Social Media Accounts And Death: What Will Your Digital Legacy Be?

Social Media Accounts And Death: What Will Your Digital Legacy Be?
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Social media accounts have stepped into their users’ lives in a surprisingly big way. What happens to your social media accounts when you die, though? Do you really want to leave behind a permanent digital legacy forged from raging house party pics or almost-good mirror selfies?

Social media can connect us, educate us, and entertain us. It’s high time we gave some thought to what they’ll do with us when we’re gone.


Facebook has already charted out a few different options for handling deceased users’ accounts. The first is a process that lets friends or relatives convert your account into a managed memorial. Others can also have your Facebook account removed from the site after you pass if that’s their preference.

To convert a Facebook account to a memorialized account: Fill out Facebook’s Memorialization Request form. It can be found here.

To Remove a deceased user’s account from Facebook: Fill out Facebook’s Special Request for Deceased Person’s Account form. It can be found here.

If a friend or family member’s account is deleted and you decide to memorialize them later, the best way to do so is by creating a group for that purpose.

Facebook also now lets you plan out your account’s after-death details in advance. In place of the Memorialization options presented above, you can give your account a Legacy Contact. This is a person authorized to make changes and updates to your page after you’re gone. We all have bits and pieces we’d like to tweak, right? Those changes can be made on your behalf if you make a trusted friend or relative your Legacy Contact.

How To Add A Legacy Contact:

1) Log into Facebook.

2) Open your Settings (down-facing arrow at top right).

2) Click on Security in the menu on the left side of the screen.

3) Click on Legacy Contact in your list of Security Settings.

4) Add the contact by typing in your friend’s Facebook name.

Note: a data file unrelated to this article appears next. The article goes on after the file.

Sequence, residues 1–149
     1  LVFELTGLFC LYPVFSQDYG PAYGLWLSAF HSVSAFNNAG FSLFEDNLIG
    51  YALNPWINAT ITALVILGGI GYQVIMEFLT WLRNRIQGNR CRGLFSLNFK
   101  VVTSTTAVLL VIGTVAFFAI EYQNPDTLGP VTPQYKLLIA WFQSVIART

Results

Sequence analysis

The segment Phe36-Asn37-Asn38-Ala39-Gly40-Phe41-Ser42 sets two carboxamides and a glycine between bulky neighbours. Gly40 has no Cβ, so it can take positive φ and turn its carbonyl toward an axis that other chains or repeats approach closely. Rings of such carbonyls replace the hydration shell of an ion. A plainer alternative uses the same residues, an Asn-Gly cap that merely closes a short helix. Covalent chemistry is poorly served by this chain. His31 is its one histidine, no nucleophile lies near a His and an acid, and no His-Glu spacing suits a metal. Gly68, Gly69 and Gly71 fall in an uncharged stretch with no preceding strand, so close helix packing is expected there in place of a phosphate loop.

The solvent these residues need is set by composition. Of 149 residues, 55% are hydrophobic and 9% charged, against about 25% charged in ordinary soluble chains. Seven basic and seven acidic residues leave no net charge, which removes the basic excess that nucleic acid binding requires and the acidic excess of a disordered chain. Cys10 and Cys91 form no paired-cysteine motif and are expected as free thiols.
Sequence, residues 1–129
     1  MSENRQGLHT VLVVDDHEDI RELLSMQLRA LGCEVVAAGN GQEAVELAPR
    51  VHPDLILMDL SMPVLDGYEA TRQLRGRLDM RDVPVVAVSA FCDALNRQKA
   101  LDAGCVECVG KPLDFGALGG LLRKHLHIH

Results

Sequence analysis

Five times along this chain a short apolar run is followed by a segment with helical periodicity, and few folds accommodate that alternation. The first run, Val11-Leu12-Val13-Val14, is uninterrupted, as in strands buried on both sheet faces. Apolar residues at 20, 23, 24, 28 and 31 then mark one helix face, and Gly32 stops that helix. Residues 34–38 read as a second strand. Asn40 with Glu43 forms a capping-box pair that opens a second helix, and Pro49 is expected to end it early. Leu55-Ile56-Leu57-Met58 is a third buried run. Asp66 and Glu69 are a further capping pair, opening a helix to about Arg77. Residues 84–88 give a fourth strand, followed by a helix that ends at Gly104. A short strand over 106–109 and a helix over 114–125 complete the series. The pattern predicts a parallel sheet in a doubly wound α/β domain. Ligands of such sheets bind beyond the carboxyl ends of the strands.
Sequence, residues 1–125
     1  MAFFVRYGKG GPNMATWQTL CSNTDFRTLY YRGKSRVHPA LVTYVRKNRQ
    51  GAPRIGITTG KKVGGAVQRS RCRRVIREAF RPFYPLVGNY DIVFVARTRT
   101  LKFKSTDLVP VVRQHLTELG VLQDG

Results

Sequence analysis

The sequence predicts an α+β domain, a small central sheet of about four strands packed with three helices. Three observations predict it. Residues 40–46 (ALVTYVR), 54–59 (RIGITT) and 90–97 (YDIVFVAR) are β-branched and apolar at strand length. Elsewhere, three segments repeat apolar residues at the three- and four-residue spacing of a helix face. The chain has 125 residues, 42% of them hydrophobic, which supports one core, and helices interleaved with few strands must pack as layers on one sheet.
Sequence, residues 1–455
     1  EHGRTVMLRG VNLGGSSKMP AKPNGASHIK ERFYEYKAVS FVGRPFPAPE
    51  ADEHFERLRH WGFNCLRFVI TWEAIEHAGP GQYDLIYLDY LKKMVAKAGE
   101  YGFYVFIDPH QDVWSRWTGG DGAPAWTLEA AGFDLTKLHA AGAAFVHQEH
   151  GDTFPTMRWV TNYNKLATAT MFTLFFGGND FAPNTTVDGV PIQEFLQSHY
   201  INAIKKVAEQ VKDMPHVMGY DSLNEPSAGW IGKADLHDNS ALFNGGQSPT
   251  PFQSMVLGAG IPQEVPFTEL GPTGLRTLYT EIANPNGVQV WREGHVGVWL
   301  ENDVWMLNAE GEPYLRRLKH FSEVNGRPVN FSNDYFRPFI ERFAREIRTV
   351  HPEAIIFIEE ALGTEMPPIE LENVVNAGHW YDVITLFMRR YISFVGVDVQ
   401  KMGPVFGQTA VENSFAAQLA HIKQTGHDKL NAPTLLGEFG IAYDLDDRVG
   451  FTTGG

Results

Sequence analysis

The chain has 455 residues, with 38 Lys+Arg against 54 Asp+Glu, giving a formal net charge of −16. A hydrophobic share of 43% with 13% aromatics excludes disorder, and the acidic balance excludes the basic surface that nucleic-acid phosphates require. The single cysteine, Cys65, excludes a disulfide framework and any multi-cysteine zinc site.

You can also request an automatic account deletion after your Legacy Contact confirms your passing. You’ll find a link to do this (“Request Account Deletion”) at the bottom of the Legacy Contact section. Here is more information on the matter from Certus.


Whether or not you want your Twitter account to survive after your death deserves some careful thought. Have your 140-character ideas really earned a place in immortality? Do you want future generations to scroll through them?

Twitter does not have a “memorialization” option like Facebook, so it’s important to make your own arrangements with friends and family regarding your account. There is a process in place to allow them to deactivate your account if that’s what you want them to do.

How To Remove A Deceased User’s Twitter Account:

1) Start by going to the Privacy Form available here.

2) Pick the option that says “I want to request the deactivation of a deceased user’s account.”

3) Fill out the necessary fields on the report and then submit it.

4) Wait for an email from Twitter; this will come with detailed instructions on completing the process.


After death, what gets done with your email account depends on the policies of your service provider. It’s a good idea to review these policies yourself and adjust your plans to suit them. Here is some advice for Yahoo and Google (Gmail) accounts:

Yahoo’s policy is strict about refusing to allow email access for anyone but the primary account holder. Relatives can send a request for account deletion after your death, but that is essentially their only option.

Google provides an Inactive Account Manager. This lets you set your own postmortem preferences. The Manager can even notify selected contacts after your death and share key information with them. Setting this service up is an excellent idea if you have any data in your Google account that relatives or close friends will need access to after you’re gone.

Making Your Own Arrangements

Addressing the fate of your social media accounts and other digital possessions after you die can be tricky. In many ways, the best policy is to be explicit and formal about your wishes and incorporate them into your will. Giving clear instructions about your digital life in your will ensures that your wishes are recorded and then carried out after you pass on.

There are multiple resources available to you that can help you organize your post-mortem wishes. One such tool is the digital directory offered for download by the BBC (see here). This can be used as a direct template, or you can simply use it as inspiration to create a digital asset-tracking sheet of your own. Provide clear directions for what should be done with each specified asset after you’re gone!

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